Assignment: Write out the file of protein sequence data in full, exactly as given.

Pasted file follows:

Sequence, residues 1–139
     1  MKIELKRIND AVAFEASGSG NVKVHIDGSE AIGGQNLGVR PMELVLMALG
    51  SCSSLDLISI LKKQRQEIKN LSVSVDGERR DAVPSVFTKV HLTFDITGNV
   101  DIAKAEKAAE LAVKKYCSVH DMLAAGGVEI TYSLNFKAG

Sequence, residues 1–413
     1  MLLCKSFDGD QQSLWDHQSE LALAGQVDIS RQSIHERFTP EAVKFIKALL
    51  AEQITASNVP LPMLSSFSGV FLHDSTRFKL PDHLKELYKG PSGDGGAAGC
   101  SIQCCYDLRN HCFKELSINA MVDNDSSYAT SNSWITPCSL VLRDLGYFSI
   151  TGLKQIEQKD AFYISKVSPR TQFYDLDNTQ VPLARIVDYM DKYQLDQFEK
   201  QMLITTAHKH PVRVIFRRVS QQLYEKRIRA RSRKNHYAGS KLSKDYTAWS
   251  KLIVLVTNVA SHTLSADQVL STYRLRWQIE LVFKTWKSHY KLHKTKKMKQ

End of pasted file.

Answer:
Sequence, residues 1–139
     1  MKIELKRIND AVAFEASGSG NVKVHIDGSE AIGGQNLGVR PMELVLMALG
    51  SCSSLDLISI LKKQRQEIKN LSVSVDGERR DAVPSVFTKV HLTFDITGNV
   101  DIAKAEKAAE LAVKKYCSVH DMLAAGGVEI TYSLNFKAG

Sequence, residues 1–413
     1  MLLCKSFDGD QQSLWDHQSE LALAGQVDIS RQSIHERFTP EAVKFIKALL
    51  AEQITASNVP LPMLSSFSGV FLHDSTRFKL PDHLKELYKG PSGDGGAAGC
   101  SIQCCYDLRN HCFKELSINA MVDNDSSYAT SNSWITPCSL VLRDLGYFSI
   151  TGLKQIEQKD AFYISKVSPR TQFYDLDNTQ VPLARIVDYM DKYQLDQFEK
   201  QMLITTAHKH PVRVIFRRVS QQLYEKRIRA RSRKNHYAGS KLSKDYTAWS
   251  KLIVLVTNVA SHTLSADQVL STYRLRWQIE LVFKTWKSHY KLHKTKKMKQ